BlackBerry Can’t Shake Handsets as It Bets on Software

Photographer: Pau Barrena/Bloomberg

BlackBerry Ltd. has been clear its future lies in selling services and software to professionals who are doing more of their work on the go. So why does it keep unveiling new phones?

The Waterloo, Ontario-based company debuted the Leap touch-screen phone at the Mobile World Congress on Tuesday, and said it has plans for three more devices this year. That’s in addition to the Passport and Classic, two keyboard-equipped phones announced in the second half of 2014.

“For a company touting a software turnaround, that’s a lot of handsets,” said Daniel Ernst, an analyst at Hudson Square Research in New York.

While some are perplexed, others say BlackBerry needs as much hardware revenue as it can get to help it through the transition. With Foxconn Technology Group building most of the phones, the risk of a dud isn’t as big as it might appear.

Chief Executive Officer John Chen took over BlackBerry in November 2013 with a plan to replace hardware revenue by opening up the company’s device management service, known as BES12, to non-BlackBerry phones and building out a new software business.

Investors are on board: the shares have doubled since Chen’s first day on the job. They were little changed at C$13.60 at 10:24 a.m. in Toronto.

There’s still a long way to go to reduce the company’s reliance on phones. Hardware sales accounted for 46 percent of revenue in the quarter ending Nov. 29 while dropping 24 percent to $361 million from the same period a year earlier.

Cheaper Manufacturing

“They have optimistic targets for software growth of $500 million, but quite frankly they will need to grow at a very fast pace for several more years,” Brian Colello, an analyst at Morningstar Investment Services said by phone from Chicago. “To the extent that they can gain anything in hardware and eke out profitability, it will help BlackBerry through the transition.”

One of Chen’s first moves was to transfer manufacturing to Taiwan-based Foxconn as BlackBerry’s share of the global smartphone market slid to less than 1 percent.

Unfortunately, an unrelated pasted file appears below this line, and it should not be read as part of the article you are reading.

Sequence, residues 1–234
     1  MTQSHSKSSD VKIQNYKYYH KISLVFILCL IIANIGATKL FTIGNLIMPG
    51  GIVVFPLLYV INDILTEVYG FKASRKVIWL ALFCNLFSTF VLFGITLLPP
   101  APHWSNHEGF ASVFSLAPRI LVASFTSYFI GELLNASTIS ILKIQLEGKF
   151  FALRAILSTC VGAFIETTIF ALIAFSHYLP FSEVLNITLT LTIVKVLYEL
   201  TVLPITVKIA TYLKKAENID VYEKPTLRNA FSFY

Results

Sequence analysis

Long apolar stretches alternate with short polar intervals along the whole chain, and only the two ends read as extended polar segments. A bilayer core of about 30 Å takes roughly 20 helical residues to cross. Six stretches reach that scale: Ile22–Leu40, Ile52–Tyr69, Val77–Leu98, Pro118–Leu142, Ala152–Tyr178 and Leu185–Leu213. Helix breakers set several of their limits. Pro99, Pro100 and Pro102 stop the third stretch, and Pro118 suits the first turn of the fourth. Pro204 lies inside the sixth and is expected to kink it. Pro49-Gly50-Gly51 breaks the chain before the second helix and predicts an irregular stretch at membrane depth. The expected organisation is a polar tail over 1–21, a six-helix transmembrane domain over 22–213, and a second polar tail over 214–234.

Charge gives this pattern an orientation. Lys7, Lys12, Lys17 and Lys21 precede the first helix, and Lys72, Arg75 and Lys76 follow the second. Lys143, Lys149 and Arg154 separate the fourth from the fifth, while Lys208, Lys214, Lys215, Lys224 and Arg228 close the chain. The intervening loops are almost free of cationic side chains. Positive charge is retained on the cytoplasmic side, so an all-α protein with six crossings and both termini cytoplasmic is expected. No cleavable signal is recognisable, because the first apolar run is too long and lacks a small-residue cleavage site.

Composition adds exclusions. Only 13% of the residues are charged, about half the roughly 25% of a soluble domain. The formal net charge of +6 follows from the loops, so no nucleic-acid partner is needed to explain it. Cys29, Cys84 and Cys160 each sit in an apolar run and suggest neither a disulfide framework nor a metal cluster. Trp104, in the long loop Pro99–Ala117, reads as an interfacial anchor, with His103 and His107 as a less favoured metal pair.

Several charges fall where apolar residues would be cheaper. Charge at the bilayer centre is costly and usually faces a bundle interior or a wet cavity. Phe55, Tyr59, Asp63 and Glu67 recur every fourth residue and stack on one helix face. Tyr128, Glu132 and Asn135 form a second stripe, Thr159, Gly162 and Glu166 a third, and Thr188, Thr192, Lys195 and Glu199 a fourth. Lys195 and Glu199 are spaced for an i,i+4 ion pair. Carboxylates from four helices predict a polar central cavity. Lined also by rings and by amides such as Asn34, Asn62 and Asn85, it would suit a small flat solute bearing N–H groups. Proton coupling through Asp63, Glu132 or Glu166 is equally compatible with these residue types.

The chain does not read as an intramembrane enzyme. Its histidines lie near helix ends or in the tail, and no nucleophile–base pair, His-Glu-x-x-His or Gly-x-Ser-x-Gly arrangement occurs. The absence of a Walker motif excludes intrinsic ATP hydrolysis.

BlackBerry designs the phones while Foxconn takes the risk, said Ken Dulaney, a Santa Clara, California-based analyst at Gartner Inc.

“That’s the trick he’s pulled off,” Dulaney said by phone. The price of manufacturing also is dropping rapidly, making it easier to generate profit on lower-end phones, he said.

Hardware margins were positive in the last two quarters, James Yersh, BlackBerry’s chief financial officer, said during a conference call on Nov. 29.

Keyboard Aficianados

Ernst, the Hudson Square analyst, said he doubts BlackBerry will make money from the new phones and the company should focus on selling its software and device-management service.

“There’s a certain segment of the market that wants that keyboard and I don’t think that goes to zero any time soon,” he said. “But to have so many different models it just makes it harder to do that job.”

The Leap is geared toward business users who don’t want a keyboard, Chen told Bloomberg TV on Tuesday.

“The mid- or high-end professionals, they love the keyboards,” he said. “The entry-level people, a lot of them like to have a touch screen, so they’ve been asking for one and so we did one for them.”

The device plans were unveiled a day after Chen announced the company would take software and applications running on BlackBerrys and re-purpose them for Apple Inc.’s iPhones and iPads, and Android and Windows devices. BlackBerry has also announced partnerships with Samsung Electronics Co., Google Inc. and Boeing Co. to integrate those companies’ mobile business tools into BES12.

BlackBerry doesn’t have to worry about that strategy undercutting its own device sales because its target market is so narrow, Colello said.

“If they could carve out a nice, profitable niche selling to government, selling to regulated industries, then the hardware business might not be a total drag,” he said. “That’s the case they are trying to make.”

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